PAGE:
Ageing Population – a global problem

Census shows that the older populations in the third world are projected to triple by 2020. How do we prepare for this population shift?

In view of Malaysia heading towards an ageing nation, as a private healthcare provider, especially one that aspires to be the regional centre of Elderly Health Services, there are several matters to consider in terms of preparation. It is a global problem for most nations, coupled with significant shortages in aged care residential homes.

It would be interesting to know how different parts of the world are preparing for this population shift in terms of hospital readiness :

  • Considering the care continuum through to end‑of-life care
  • Preparation for long-term care as well as non-communicable diseases
  • Improved chronic disease management
  • In terms of considering alternative care delivery models like retail clinics, telehealth, and medical tourism, what should we be considering?
  • What hospital facilities need to be considered in terms of caring for the elderly

Lastly, the private healthcare system in Malaysia have been looking into the bundling system for the last couple of years and this would be one of the great reasons to implement it to ensure quality healthcare with cost containment for this sector of the society.

  • What factors need to be considered when creating the bundling system for chronic disease management?


Medication reconciliation


Use of telehealth / telemedicine

Participant comments on Ageing Population – a global problem

  1. Given the scarcity of medical professionals and the severe demographic problems all around the world, increasingly providers will rely on technology to deal with these issues. Examples of applicable technologies will be RFID identification and tracking of people, Virtual desktops allowing providers to use technology from home and remote locations; cloud computing, clinical decision support tools.

  2. If you want to prepare for bundled payments for chronic disease management you will need to very clearly define the pathways patients follow through your system, allocate all the costs correctly (with TDABC as we learned), and measure your results (we try to use ICHOM standard sets whenever possible; The combination of these three steps allows you to see what you do, how much it costs, and what result it delivers. If you change anything in your practice (for example a certain test only once a year and not four times a year) you can see the effect on both cost and result. I believe this is a good way to create value for your patients and for the payer.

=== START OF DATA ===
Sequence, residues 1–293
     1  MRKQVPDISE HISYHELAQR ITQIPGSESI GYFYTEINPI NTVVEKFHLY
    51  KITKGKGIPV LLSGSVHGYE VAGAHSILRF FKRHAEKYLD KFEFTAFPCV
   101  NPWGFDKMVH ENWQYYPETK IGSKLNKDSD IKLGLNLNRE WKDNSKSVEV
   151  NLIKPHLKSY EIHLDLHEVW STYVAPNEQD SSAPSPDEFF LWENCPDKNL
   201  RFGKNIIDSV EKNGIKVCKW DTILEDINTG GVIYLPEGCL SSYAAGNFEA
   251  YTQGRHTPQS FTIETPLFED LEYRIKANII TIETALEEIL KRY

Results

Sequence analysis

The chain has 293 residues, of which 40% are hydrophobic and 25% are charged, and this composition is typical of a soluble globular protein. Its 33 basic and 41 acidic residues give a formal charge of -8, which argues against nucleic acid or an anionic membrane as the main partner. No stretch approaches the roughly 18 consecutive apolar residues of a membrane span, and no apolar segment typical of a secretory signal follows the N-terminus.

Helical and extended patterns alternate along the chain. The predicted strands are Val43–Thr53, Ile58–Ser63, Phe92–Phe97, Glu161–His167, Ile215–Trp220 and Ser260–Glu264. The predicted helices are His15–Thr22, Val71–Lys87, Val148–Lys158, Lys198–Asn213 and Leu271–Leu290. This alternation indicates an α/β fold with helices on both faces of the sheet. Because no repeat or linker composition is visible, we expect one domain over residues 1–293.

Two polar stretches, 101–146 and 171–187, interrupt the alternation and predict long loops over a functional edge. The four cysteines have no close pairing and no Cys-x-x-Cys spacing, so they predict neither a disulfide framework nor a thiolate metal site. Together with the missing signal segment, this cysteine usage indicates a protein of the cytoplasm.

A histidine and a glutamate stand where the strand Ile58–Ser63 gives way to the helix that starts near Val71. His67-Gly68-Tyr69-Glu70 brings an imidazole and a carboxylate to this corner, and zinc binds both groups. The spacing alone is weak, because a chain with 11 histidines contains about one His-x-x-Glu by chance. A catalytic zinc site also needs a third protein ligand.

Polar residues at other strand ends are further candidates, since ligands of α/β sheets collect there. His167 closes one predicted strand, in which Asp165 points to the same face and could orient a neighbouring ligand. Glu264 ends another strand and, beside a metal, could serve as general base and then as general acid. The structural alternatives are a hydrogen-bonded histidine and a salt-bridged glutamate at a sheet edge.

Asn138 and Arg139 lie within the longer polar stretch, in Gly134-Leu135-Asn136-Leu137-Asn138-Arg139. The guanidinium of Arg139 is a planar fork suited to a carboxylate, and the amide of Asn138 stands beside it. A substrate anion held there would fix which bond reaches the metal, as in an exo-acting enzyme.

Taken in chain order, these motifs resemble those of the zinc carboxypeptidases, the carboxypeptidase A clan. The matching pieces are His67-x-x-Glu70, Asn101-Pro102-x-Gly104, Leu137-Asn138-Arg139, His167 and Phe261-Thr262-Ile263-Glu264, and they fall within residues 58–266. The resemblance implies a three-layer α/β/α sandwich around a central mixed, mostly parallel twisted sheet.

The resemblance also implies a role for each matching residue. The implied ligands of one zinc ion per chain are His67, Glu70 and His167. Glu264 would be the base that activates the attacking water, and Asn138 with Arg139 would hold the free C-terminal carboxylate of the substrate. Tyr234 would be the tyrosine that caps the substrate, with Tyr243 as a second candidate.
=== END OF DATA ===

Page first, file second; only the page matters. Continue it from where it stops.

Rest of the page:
3. Not only will the population shift with the aging world but the costs associated with the care of the elderly will also markedly increase. It is well known that the highest costs of care are incurred in the last stages of life. Therefore, we have a two fold problem that I believe needs a multi-pronged approach to tackle.

    There are a few innovative ideas that I feel are starting to address this particular problem:

    – Senior Emergency Department Care: Seniors have special needs, especially in a time as vulnerable as an emergency. Specially trained staff in the care of the aging population with environmentally tailored and designed rooms (non-slip flooring, special lighting) to help create a peaceful healing environment for both patients and caregivers. This particular hospital system (which I am not affiliated with!) has a similar approach with the Senior Surgery Center and a Senior Behavioral Health program.

    – Home Based Primary Care – Keeping elders at home to ‘Age in Place’ and meet their healthcare needs without the need for facilities (or overhead), specifically in chronic disease management. The Independence at Home Pilot (frequent primary care visits for chronically ill seniors) in 2016 yielded great results and improved outcomes: $10M in healthcare savings, 10% fewer ED visits, 9% fewer hospitalizations and 27% few SNF stays. Source: Effects of Home-Based Primary Care on Medicare Costs in High-Risk Elders; Journal of the American Geriatric Society; July 2014.

    – Mobile Acute Care home delivery platforms: Innovative approach to treat minor emergent, urgent complaints in the home with Advanced Practice Providers equipped with sophisticated technology and care delivery equipment (mobile lab, supplies and procedural capabilities).

    – Telemedicine: Improving access to care without the overhead of brick and mortar facilities

    – Mobile lab and imaging capabilities: bringing advanced imaging and lab draws into the community, improving access without the need for hospitalization or office visit

    – EMS MIH/Paramedicine programs: Using 911/Emergency Medical Systems to see and treat L.A.N.E. (Low Acuity Non Emergent) patients with advanced paramedics under remote physician supervision

    – Case Management, Palliative and Hospice care expansion and team development to address end of life decision making relative to quality of life and goals of care.

    I cannot recall the genesis of this statistic, however, I thought I would share it anyway (so take it with a grain of salt). It is estimated that by 2024 that approximately 28% of of all hospital/facility care will be delivered in the home. I think there will continue to be a shift from the highest level of care (the hospital) into the community. It will be up to everyone to think outside of the box and further develop the above models of care delivery, particularly to address the aging population.

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